The FCC today released an order refining, but largely reaffirming, its earlier decision to allow unlicensed devices to operate in the TV band as long as they do not cause interference to existing users such as TV stations and wireless microphone operators. While many refer to this spectrum as “white spaces” on the theory that it is vacant spectrum located between existing television signals, veterans of the digital television transition question whether white spaces more appropriately fall into the same category of mythical creatures as unicorns.
The digital transition’s compression of television stations that previously occupied Channels 2-69 nationwide into Channels 2-51 took a miraculous feat of engineering (and the displacement of a lot of LPTV stations). Many stations had to be wedged into the shrunken TV band with a shoehorn, which, at least in urban areas, left very little free spectrum. While the phrase “white spaces” evokes a mental image of vast open prairies, the densely populated areas that are the target markets for manufacturers of unlicensed equipment are already spectrum congested, and are more likely to offer “white spots” or “white specks” than white spaces. The benefit of the Commission’s order will likely be greater in rural areas, where spectrum congestion is not an issue even after the digital transition.
As long as the FCC lives up to the Prime Directive of not causing interference to existing inhabitants of the TV band, the benefits of better utilization of spectrum are hard to dispute. Broadcasters understand as well as anyone the challenge of eking out every last ounce of potential from spectrum. However, broadcasters are understandably concerned with a significant change made by the FCC in today’s order — the elimination of the FCC’s requirement that white spaces devices be able to sense local signals and avoid causing interference to them. By eliminating that requirement, the FCC removed the “safety valve” it had installed in its original plan. Instead, the FCC is placing its faith entirely in the creation of one or more privately-created and run databases of existing spectrum users that unlicensed devices will consult before selecting a frequency on which to operate.
Many in the broadcast industry have been strong proponents of requiring unlicensed devices to have “sensing” capability rather than relying solely on a national database of existing signals. “System redundancy” is an important feature in designing reliable communications systems, and removing that redundancy inevitably makes for a less reliable system. As the FCC has noted, eliminating the “sensing” requirement will reduce the cost of unlicensed devices, but as we discovered in the recent Gulf oil spill, short term decisions to reduce costs by reducing safety margins can have far greater and more expensive long term consequences.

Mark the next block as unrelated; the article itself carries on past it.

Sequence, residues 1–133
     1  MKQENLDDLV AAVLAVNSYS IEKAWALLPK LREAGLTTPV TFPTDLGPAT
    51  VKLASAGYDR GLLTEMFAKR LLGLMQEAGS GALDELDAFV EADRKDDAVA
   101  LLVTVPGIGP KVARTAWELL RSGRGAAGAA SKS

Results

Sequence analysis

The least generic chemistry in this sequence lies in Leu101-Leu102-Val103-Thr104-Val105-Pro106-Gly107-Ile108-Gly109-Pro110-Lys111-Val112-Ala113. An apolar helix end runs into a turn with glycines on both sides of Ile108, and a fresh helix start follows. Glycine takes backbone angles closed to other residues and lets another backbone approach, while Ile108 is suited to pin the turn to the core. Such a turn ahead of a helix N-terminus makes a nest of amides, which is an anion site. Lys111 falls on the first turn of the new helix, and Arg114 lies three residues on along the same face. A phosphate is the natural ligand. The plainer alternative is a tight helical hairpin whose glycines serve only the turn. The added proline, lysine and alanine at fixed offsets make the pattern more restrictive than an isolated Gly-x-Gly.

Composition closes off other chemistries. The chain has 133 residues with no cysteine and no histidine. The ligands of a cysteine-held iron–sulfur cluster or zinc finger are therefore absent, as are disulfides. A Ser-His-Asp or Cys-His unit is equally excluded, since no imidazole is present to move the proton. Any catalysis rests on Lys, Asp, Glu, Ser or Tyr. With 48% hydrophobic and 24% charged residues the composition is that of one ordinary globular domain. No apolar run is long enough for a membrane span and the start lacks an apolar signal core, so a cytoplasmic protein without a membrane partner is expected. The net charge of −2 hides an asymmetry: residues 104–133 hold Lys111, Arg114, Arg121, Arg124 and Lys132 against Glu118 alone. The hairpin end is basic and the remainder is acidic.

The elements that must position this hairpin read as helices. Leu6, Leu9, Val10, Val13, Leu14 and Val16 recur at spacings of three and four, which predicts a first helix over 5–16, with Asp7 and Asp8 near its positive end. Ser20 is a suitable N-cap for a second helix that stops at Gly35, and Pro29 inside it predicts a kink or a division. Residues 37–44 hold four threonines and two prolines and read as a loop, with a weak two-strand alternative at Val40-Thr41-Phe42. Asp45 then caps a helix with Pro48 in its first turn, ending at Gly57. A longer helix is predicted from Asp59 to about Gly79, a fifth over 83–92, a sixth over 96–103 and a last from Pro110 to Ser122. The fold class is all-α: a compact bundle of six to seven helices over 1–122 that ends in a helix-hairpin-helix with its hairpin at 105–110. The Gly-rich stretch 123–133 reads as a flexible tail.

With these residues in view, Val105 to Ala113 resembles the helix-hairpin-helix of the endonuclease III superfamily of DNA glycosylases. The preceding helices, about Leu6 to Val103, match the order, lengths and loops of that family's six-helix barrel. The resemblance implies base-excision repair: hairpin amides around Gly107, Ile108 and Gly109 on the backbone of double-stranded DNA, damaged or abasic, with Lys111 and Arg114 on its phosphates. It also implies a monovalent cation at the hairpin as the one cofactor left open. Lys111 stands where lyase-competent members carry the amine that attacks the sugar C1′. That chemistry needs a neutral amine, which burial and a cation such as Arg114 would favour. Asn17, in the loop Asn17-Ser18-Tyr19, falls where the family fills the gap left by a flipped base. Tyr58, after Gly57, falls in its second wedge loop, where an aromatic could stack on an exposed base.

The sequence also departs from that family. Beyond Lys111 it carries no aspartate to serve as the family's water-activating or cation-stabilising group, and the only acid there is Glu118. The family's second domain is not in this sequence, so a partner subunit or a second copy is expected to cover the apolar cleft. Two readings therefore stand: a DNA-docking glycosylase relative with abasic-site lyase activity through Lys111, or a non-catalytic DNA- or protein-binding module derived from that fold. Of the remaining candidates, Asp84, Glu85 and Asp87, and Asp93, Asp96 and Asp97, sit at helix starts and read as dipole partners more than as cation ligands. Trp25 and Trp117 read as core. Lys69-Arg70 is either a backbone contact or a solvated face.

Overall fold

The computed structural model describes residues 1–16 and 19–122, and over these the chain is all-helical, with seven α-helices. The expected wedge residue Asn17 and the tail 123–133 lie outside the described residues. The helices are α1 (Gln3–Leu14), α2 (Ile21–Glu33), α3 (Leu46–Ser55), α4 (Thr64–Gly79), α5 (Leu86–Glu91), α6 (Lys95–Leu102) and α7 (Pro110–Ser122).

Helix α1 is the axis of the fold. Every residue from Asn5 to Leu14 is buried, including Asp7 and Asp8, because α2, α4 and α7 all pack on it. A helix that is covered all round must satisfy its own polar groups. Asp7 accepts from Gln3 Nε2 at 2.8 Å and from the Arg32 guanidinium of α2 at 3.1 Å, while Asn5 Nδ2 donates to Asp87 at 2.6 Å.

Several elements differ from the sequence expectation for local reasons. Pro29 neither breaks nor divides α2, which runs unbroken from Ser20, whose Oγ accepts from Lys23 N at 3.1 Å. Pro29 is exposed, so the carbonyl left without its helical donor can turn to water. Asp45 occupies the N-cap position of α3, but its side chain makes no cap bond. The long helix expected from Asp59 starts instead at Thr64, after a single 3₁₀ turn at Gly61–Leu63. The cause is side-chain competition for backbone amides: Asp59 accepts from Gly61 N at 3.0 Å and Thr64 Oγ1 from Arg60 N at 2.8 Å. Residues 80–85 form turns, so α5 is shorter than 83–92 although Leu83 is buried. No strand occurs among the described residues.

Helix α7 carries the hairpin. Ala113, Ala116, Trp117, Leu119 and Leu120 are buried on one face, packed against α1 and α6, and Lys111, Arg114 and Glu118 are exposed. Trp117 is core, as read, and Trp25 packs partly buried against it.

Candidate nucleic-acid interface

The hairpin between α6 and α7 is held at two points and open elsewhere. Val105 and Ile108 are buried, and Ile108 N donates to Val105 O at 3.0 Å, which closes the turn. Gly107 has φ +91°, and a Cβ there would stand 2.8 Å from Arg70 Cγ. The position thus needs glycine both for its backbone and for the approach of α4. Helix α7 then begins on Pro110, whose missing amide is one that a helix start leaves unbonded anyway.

While lacking any backup protection, a spectrum database could be a workable solution if properly implemented. However, the challenges of implementation are immense. Ensuring the accuracy of the database itself will be a challenge given constantly changing spectrum use by new and existing operators. Also, signals propagate differently depending on frequency, what part of the country you are in, local terrain, and various other factors, making the database either incredibly complex, or inadequate to address real world circumstances.
Viewers of TV stations in Fresno, whose real world signals extend far beyond their predicted contours because of terrain effect, will suddenly be subject to interference from unlicensed devices. In addition, you have to think that users of those unlicensed devices aren’t going to be too happy when their wireless network won’t function because (unknown to them) it is receiving interference from a TV signal that the database swears isn’t there.
Because of these and many other issues, the FCC needs to keep an open mind as it implements its proposed use of white spaces. A well-performing database that keeps licensed and unlicensed operators adequately separated is in everyone’s interest. If some of the FCC’s initial conclusions need to be rethought in order to accomplish that, those discussions will be healthy ones.
Equally important is ensuring that equipment manufacturers fastidiously comply with the FCC’s interference protocols. Broadcasters are rightly concerned that non-compliant or just poorly designed and manufactured unlicensed devices can cause immense damage, and the FCC lacks the tools to put the genie back in the bottle should that occur. Fining such manufacturers after the fact won’t help much if millions of interference-inducing devices are already out there interfering with the public’s ability to watch TV, listen to a sermon, or attend a Broadway show. As the FCC proceeds down this path, getting it right is going to be far more difficult than just getting it done.